St. Patrick Catholic Church
Saint of the Day
 

Saint Anthony Zaccaria
(Optional Memorial)
July 5



Agatho and Triphina MM (RM)
Died 306. Sicilian martyrs about whom nothing further is known. There is doubt even about the sex of Triphina (Benedictines).


Anthony Mary Zaccaria, Priest (RM)
Born in Cremona, Italy, 1502; died there, July 15, 1539; canonized by Pope Leo XIII in 1897.

"That which God commands seems difficult and a burden. . . . The way is rough; you draw back; you have no desire to follow it. Yet do so and you will attain glory."

Antony studied medicine at the University of Padua. In 1524, at the age of 25, he set up his practice in his hometown. As a medical man he found himself ministering not only to the sick but also to the dying and the bereaved. He found man and women sick not only in the body but spiritually, and so he turned to the study of theology to learn more about the comfort and ways of God.

By 1528, it seemed natural that the young doctor should be ordained as a secular priest who pursued a spiritual and corporeal ministry. Soon he moved to work in Metan near Milan. His zeal, molded on that of Saint Paul, knew no bounds.

In 1530, he and a few other priests, including Venerable Bartholomew Ferrari and Venerable James Morigia, founded the congregation of Clerks Regular of Saint Paul, the members of which were neither monks nor friars but lived under a rule "to revive the love of divine worship and a true Christian way of life by continual preaching and faithfully administering the sacraments."

They worked among the plague-stricken Milanese, in the midst of wars, and during Luther's reforms. The group so invigorated the city's spiritual life that it was approved by Pope Clement VI in 1533 with Antony as its first provost general. The order became known as the Barnabites when, in the last year of Antony's life, the church of Saint Barnabas in Milan became the order's headquarters.

Antony resigned in 1536, helped spread the community, and worked ceaselessly to reform the Church. Under his direction, Louisa Torelli founded the congregation of women called Angelicals, who protected and rescued girls who had fallen into disreputable lives. Antony was only 37 when he died as a result of his unceasing apostolic toil (Attwater, Benedictines, Bentley, Delaney, Encyclopedia, White).


Athanasius of Jerusalem M (RM)
Died 462. Deacon Athanasius, denounced the heretic Theodosius, who had supplanted the Catholic Saint Juvenal in the see of Jerusalem. For this act he was seized by the military and beheaded (Benedictines).


Athanasius the Athonite, Abbot (AC)
Born at Trebizond c. 920; died c. 1003. Son of an Antiochene and baptized Abraham, Athanasius studied at Constantinople. He was successful in his studies and a safe career in the civil service was his for the asking. But instead he became a monk at Saint Michael's monastery at Kymina, Bithynia. This was a laura, i.e., a group of monasteries where the monks lived individual lives around their church.

To avoid being named abbot of Saint Michael's when the abbot, Saint Michael Maleinos, died, Athanasius hid in a cell at Karyes, changed his name, and pretended to be illiterate. He migrated to Mount Athos in Greece. Mount Athos, one of the three peaks on the Chalcedonian Peninsula which juts out into the Aegean Sea, is one of the most exquisitely lovely places in the world. It is a land of red and ocher and gold, of cypresses and begonias and bougainvilleas, of fantastic roofs and brilliant sunlight, of sparkling sea and arid mountain.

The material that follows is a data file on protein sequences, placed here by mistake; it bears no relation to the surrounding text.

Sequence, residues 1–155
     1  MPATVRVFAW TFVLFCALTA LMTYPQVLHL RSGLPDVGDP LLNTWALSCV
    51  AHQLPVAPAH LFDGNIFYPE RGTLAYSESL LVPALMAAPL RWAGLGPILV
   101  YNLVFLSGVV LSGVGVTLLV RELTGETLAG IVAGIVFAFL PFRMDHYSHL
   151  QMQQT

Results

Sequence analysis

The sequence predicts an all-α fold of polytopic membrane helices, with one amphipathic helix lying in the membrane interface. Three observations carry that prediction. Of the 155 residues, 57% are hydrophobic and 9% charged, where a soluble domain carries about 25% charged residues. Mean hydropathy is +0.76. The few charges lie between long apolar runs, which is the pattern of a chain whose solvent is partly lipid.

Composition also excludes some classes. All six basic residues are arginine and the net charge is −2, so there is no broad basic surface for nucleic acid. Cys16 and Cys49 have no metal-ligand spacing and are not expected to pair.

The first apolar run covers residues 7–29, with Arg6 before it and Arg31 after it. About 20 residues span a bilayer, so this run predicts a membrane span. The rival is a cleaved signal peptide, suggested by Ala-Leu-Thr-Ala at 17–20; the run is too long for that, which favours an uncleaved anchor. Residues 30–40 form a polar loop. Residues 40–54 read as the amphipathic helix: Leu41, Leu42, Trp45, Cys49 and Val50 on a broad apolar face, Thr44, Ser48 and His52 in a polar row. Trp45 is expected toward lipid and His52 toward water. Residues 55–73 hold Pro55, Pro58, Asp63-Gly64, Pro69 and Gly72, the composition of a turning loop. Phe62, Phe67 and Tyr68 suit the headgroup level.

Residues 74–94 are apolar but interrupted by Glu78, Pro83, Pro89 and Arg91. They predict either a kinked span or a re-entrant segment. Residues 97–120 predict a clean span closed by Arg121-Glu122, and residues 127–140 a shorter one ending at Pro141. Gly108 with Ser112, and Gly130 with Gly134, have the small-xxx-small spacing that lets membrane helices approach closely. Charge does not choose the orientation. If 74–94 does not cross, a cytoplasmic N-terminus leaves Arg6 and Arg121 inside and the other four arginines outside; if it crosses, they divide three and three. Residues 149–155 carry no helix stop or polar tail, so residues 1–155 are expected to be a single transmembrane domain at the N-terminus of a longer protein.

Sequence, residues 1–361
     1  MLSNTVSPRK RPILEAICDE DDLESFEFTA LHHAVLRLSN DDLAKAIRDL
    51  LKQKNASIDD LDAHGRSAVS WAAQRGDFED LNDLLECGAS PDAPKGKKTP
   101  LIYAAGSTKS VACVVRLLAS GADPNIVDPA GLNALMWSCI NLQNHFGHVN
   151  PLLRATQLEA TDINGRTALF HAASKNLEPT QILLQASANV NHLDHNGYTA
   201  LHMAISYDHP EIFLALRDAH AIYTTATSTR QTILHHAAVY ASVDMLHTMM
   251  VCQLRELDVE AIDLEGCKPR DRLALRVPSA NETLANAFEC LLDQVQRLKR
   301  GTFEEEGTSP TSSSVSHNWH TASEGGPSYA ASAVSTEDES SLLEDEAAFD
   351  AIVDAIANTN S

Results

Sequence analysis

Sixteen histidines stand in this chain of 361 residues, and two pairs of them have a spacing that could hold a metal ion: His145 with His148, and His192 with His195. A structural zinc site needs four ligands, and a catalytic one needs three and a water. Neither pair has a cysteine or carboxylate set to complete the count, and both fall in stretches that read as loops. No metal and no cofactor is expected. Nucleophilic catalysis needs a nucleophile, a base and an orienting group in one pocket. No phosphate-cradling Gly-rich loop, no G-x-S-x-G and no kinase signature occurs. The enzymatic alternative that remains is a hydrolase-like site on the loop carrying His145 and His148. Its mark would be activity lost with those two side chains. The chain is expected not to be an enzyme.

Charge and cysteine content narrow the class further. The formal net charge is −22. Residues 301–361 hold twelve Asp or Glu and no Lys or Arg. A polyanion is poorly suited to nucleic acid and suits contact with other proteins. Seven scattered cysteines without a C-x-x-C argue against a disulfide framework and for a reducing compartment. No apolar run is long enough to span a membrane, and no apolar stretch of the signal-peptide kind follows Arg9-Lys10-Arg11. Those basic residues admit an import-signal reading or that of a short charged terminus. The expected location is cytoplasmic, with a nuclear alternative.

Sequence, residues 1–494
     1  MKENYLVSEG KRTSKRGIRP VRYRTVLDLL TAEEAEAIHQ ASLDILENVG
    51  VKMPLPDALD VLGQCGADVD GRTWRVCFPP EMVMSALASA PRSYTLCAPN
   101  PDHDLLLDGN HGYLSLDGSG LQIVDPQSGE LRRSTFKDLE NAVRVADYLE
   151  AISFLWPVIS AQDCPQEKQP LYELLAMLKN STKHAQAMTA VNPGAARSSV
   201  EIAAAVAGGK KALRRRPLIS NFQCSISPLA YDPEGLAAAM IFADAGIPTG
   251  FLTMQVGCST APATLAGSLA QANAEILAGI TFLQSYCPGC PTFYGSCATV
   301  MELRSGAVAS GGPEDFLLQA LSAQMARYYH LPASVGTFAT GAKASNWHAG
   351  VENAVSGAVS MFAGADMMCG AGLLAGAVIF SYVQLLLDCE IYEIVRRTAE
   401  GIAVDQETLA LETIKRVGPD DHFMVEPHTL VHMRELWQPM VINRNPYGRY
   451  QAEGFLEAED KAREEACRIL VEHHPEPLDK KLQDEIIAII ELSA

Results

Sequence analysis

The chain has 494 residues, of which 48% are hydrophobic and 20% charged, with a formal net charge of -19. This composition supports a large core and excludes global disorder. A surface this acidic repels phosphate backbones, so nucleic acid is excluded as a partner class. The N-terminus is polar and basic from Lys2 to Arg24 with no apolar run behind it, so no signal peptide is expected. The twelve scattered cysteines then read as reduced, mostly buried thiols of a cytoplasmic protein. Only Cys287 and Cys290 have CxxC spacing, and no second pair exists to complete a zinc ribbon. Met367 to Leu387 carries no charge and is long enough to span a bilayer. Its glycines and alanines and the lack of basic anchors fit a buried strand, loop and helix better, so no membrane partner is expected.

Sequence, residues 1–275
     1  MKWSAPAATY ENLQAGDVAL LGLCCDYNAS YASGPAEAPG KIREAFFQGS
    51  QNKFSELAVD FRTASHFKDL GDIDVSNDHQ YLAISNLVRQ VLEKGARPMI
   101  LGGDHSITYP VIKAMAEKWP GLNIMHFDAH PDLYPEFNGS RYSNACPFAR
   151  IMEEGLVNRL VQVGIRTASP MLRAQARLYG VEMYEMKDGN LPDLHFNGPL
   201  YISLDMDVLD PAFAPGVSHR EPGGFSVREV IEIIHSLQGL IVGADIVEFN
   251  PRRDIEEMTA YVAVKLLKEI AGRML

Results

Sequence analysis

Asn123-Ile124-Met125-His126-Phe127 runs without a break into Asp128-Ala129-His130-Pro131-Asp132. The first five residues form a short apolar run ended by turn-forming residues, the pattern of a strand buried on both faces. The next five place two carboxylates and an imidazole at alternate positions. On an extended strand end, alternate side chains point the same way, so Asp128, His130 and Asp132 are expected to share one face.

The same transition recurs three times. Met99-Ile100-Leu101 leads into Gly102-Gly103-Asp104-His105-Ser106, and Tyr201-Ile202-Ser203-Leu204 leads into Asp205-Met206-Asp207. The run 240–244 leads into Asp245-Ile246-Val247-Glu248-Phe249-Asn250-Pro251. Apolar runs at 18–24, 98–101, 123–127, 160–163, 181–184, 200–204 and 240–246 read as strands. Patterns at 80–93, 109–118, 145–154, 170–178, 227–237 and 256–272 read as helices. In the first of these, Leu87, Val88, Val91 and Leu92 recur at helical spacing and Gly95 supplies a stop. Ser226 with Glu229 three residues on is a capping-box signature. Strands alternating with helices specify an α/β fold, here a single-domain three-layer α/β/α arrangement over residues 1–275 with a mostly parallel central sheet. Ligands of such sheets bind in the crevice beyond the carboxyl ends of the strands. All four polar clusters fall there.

Saint Athanasius was not the first holy man to live on Mount Athos, for since the 9th century anchorites, such as Peter the Athonite and Euthymius the Thessalonian, had lived in caves among the rocks.

When he reached Mount Athos in 958, an old friend from Constantinople, Nicephorus Phocas, asked his help in preparing an expedition against the Saracens in 961. Phocas insisted on appointing him almoner of his fleet.

On its successful completion, Athanasius returned to Mount Athos and with money given him by a grateful Phocas began the first monastery on Athos in 961. Athanasius wanted to found a new kind of monastery, the so-called idiorhythmic monastery, where each inmate could follow his own rhythm and tempo. His hope was that anchorites, hermits, wandering monks, and cenobites could all live together in his laura.

When Nicephorus Phocas became emperor in 963, the year the monastery was dedicated, Athanasius fled to Cyprus to avoid being called to court, but the emperor found him, reassured him, and gave him money to continue his work on Athos.

Athanasius encountered great opposition from hermits living on the mountain long before he had arrived there as he attempted to install the laura system there. He escaped two murder attempts, and resistance ended only when Emperor John Tzimisces forbade any opposition to Athanasius.

In time he became superior over 58 communities of monks and hermits on the mount. Thousands of monks still live and pray there today in 20 monasteries; it is now and has been for centuries the center of Eastern Orthodox monasticism and not in communion with Rome since shortly after the saint's death. The monastery that Athanasius founded is still the largest.

Though celibate--indeed every woman, every female animal and every smooth-faced creature is banned--they are not held to fasting or abstinence. They are obliged to obey an abbot, but they do not have to attend services except on major feast days. They provide their own food and are not bound to poverty, and in fact many of them keep their personal wealth.

It might perhaps sound as if they are indulgent to themselves and giving themselves too much personal freedom. But, in fact, the system confers heightened value on their virtuous acts, because they are done freely, and not out of constraint of obedience.